Of course, this statement is not ultimately true, because in reality no one ever acts. But from the human vantage point this is how it plays out.
Memory is also a tricky thing. The memories of your life are still there and can be jogged into awareness, but as time progresses and enlightenment begins to dissolve you, your access to them becomes more difficult.
Your awareness becomes centered in the events of the present as they manifest. This is natural, since these are the only events that actually exist. The person and the ego are simply dissolving. They don't really exist but the illusion that they do becomes less a part of awareness.
You don't remember and you don't care.
Let me make a point about Zen breath-watching.
Most people just don't get it, and most Zen schools don't make it any easier for students to get it. There are all kinds of books on Zen meditation, catalogs where you can buy all the cool silk clothes, cushions, gongs, incense, and a host of other aids to Zen breath-watching. But once you have all that stuff and finally sit your butt down, close your eyes and start watching your breath, what exactly are you doing? Why are you doing that? I ask people this all the time and really piss them off.
“Why do you meditate? What are you trying to accomplish? Why do you watch your breath?” I have never met anyone that has given me the correct answer.
The reason they don't know is because they are not enlightened. If they were, then they might not even meditate anymore. Or maybe they would. Either way, it would make no difference.
You see, the simple truth that is missed by almost every meditator is this: the act of sitting there watching your breath is enlightenment. That is all. You are not doing something to gain something, just sitting there is enlightenment.
That still state with calmed mind, just that is enlightenment, yet that annoying gossip over there interrupting your meditation, just that is enlightenment, and that guy flipping you off in commuter traffic, just that is enlightenment.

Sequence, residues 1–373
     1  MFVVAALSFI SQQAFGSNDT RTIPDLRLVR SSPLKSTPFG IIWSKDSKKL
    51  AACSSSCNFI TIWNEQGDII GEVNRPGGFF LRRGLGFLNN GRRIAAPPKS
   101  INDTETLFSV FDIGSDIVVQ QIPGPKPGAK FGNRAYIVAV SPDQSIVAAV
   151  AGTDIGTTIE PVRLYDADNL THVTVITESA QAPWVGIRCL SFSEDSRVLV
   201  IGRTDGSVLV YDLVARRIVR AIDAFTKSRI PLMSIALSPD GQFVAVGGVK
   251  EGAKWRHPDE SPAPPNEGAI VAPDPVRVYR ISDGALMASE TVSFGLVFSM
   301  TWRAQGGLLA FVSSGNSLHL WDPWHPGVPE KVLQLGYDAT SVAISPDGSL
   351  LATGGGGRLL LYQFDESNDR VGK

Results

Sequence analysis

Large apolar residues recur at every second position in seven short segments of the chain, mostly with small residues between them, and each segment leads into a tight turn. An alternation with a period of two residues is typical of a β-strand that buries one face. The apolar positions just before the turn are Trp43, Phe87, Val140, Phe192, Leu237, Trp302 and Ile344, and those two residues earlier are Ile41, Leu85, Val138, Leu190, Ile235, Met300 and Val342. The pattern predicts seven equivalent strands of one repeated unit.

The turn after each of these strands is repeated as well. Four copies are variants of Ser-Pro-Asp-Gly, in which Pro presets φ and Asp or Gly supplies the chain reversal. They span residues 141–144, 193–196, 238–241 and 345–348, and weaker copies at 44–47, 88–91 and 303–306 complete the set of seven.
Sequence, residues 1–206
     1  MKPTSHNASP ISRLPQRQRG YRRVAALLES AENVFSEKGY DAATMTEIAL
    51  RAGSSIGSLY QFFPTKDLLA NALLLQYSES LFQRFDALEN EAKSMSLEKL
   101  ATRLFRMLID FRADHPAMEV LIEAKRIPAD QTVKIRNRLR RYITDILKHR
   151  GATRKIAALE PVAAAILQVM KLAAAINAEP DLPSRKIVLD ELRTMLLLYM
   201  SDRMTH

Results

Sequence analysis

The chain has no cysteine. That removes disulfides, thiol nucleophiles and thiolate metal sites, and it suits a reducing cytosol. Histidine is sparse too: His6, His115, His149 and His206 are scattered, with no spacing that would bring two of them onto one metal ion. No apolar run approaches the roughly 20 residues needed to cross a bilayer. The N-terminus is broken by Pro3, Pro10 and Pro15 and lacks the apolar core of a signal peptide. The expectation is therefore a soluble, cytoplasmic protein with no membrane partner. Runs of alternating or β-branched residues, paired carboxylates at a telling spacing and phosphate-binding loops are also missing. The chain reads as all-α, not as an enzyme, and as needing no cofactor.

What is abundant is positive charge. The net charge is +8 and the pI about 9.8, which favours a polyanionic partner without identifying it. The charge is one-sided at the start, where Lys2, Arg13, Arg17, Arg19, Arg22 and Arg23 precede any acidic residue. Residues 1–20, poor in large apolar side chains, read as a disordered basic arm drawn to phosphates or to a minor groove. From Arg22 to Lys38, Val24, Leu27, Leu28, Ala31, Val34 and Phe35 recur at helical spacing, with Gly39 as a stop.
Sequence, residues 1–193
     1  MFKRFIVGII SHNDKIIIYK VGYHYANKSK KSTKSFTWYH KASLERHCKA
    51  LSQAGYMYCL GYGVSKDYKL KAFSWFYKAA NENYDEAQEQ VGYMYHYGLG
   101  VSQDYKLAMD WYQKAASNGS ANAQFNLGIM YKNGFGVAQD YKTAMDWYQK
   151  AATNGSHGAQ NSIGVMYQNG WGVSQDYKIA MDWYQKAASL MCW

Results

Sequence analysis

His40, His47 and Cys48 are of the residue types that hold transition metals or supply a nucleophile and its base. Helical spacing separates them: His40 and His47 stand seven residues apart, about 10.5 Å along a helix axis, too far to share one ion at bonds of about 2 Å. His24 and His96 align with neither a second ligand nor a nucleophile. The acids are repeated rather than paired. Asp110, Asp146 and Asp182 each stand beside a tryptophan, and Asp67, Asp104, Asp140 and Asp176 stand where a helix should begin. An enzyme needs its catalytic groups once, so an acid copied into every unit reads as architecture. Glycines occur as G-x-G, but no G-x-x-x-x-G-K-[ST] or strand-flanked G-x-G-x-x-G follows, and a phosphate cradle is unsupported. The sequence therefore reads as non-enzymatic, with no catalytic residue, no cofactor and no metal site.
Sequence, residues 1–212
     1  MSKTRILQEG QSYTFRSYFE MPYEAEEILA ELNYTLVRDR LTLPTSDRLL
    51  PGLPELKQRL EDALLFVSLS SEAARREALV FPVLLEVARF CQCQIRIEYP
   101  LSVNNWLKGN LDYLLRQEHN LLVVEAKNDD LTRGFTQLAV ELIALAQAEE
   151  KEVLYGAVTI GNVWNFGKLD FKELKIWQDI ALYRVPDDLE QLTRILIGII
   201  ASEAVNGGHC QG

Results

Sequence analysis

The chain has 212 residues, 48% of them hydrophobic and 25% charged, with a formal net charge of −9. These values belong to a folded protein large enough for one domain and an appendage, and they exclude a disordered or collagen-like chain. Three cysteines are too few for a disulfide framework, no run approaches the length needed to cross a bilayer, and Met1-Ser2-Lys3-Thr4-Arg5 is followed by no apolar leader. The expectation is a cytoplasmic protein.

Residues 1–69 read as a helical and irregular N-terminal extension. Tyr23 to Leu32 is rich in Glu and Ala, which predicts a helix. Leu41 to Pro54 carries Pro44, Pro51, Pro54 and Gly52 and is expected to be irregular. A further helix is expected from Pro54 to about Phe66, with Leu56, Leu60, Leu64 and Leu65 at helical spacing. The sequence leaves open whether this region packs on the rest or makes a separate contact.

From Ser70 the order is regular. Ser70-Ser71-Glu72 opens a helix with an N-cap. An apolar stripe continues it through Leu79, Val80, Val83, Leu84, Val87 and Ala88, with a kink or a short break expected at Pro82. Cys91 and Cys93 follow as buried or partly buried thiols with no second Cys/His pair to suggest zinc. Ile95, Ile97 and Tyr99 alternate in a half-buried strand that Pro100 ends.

There is no doer, no experiencer, no one who acts.
Manifestation emerges, actless, mindless, and just that is enlightenment.
People meditate today because it is popular or because they want to have a mystical experience or just relax. The latter reason may actually be the most legitimate for the average person. But no one I know says they meditate because they are deliberately engaging in an actless act, or attempting to resolve a false sense of being into a beingless existence. And of the many meditators out there, I suspect that the majority would be shocked if I told them that the guy flipping them off in traffic is more enlightened than they.
The point I'm trying to make and have been trying to make is that enlightenment is so natural and so easy, that any attempt at deliberate practice towards it will get you farther from it - and yet paradoxically, you have never once not been enlightened and no matter how strained and deliberate your efforts towards it, you never once acted!
So in closing, Enlightenment can be talked about, it can be understood, it is not mysterious, nor does it need to be cloaked in a secret “Boys Only” club language.
Enlightenment is the feeling/knowing that no one exists including you, and that everything that happens does so spontaneously and perfectly.
Enlightenment is the feeling/knowing that what exists is Universe/Consciousness.
They are the same.
U = C
Existence is itself consciousness and that is why there is something, rather than nothing. This is the real state of things, and because it is so natural, so simple and so obvious,
we miss it daily.